On Friday morning at 5:30, my newly installed fish finder in the main cabin of the Rock Water displayed large schools of fish gathered below on the strong incoming tide. It was a very promising sign.
A few days earlier on my previous outing, the striped bass were hungry to take our lures. The action was great. Like many areas on the East End, Shelter Island Sound has been alive with stripers this spring. Many have partaken of the fine action.
As I slowed the boat down into neutral gear, the green bucktail jig adorned with a red artificial trailer was not in the water more than 30 seconds when I felt a solid strike and was immediately hooked up. The fight was on.
Despite having the drag on my reel set very tight, the fish took my line out at a feverish pitch. My fishing companion, Ray Sperling of Sag Harbor, was also latched into a fish that had bent his rod almost to the water line. It was a fierce battle on our respective rods and reels.
“Whatever it is, it’s very big,” he grunted, while struggling to gain line on his reel. I too was not making much progress on my still-unknown fish. After crossing our respective fishing lines several times for the next few minutes, we finally made eye contact with our formidable combatants.
“It’s a huge gator,” Sperling gasped, looking down at the alligator-size bluefish that thrashed about near the surface. “It’s way too big to lift in.”
He was right about that. Running back to the cabin, I retrieved my gaff. The fight was soon over. The twin-size bluefish we decked were about 17 pounds each when weighed on the stern deck.
After catching our breath, we repeated the drift and it was “deja vu all over again” as Yogi Berra would say. We quickly hooked into similar-size bluefish once again.
If any striped bass were in the neighborhood that morning, they had no chance of outrunning the faster swimming bluefish that were instantly attracted to our jigs. The bass were also clearly outnumbered too.
As a footnote, some people spurn bluefish, but the supersize fish we caught would not go to waste. Later that day, they would be filleted, brined, dried, and hot-smoked for several hours over aromatic apple and cherry wood chips. Smoked bluefish spread has since been enjoyed by this fish chronicler and other close friends. If you have never tried it, you have truly missed out.
Returning to the same location on Sunday morning, it again only took a minute or so for me to hook into a fish. This time, it was a spunky striped bass that measured 34 inches. The next drift produced another keeper.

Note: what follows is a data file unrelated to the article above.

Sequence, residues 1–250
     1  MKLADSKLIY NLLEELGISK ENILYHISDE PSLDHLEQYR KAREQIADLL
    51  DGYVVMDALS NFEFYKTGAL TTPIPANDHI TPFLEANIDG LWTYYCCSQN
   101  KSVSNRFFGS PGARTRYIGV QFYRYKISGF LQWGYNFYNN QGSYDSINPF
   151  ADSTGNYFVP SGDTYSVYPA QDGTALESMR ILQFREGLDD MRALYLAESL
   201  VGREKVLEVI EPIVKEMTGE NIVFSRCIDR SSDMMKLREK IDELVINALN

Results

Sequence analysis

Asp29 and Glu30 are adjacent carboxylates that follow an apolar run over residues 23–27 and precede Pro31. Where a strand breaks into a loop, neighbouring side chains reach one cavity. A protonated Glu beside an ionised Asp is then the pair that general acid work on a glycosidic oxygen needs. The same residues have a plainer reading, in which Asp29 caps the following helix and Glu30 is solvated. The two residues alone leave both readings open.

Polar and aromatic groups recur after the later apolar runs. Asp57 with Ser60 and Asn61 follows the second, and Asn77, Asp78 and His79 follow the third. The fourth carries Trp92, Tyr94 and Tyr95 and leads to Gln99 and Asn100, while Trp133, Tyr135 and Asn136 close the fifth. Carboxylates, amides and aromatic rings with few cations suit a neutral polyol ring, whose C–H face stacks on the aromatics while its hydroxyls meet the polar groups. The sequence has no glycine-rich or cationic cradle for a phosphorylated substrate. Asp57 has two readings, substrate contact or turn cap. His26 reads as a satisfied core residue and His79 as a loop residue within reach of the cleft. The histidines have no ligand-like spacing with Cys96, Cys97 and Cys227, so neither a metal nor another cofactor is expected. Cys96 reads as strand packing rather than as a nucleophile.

The gators were gone. The bass were back.
Elsewhere, the striped bass action remains strong in many areas, especially at Montauk, where diamond jigs and bucktails have been the popular lures of choice. Tuna have also begun to show up in distant offshore waters.
“The fishing for striped bass has been really excellent,” said David Reutershan at Westlake Marina on Westlake Drive. “It has been a great run of fish for the past two weeks and the bluefish have shown up too.”
Reutershan noted that, unfortunately, the fishing for fluke as well for porgies has been slow in local waters. “But that can instantly change on any given day,” he added. An angler aboard the Miss Montauk II this weekend did weigh in a fluke over 10 pounds. Better days lie ahead.
For those who enjoy the competitive challenge of pursuing striped bass from the surf in Montauk, take note: The annual Montauk SurfMasters Spring Shootout tournament is underway. Concluding on July 8, positions are up for grabs for men, women, and youth fishing in either waders or wetsuits.
Casters can sign up for the popular contest at montauksurfmasters.com or by dropping by Paulie’s Tackle Shop in downtown Montauk. Brandon Sausele of Lake Grove has once again signed up. Sausele, who is just 25, has captured the top prize in seven fall and spring SurfMasters tournaments in recent years.
Recently returned from a trip to Ireland with his new wife, Taylor, he immediately returned to the Montauk surf scene. Perhaps he was looking for the luck of the Irish, not that he needs any.
Sausele is currently in second place with a 33-pound bass, while the surf rat Ben Kushner has taken the early lead with his 37-pound striper that was safely released to fight another day.
“The bassing from the surf has been really good out in Montauk already,” observed Sausele. “It’s a very early run of fish this year.”
“There were not many reports due to the gusty winds,” said Ken Morse at Tight Lines Tackle in Sag Harbor. “The weakfish are still in Noyac Bay and striped bass are around too.” He added that porgy fishing remains consistent, but that fluke have been a “no show so far.”
Over at Mrs. Sam’s Bait and Tackle in East Hampton, Sebastian Gorgone said that “it has been a great season thus far. Bluefish have moved into Three Mile Harbor and the porgy fishing has been solid in Cherry Harbor and other local areas.” Gorgone also has live eels in stock for those looking to catch larger striped bass.
“It’s all setting up to be a great Memorial Day weekend for anglers,” he added.
Fishing tips, observations, and photographs can be sent to [email protected].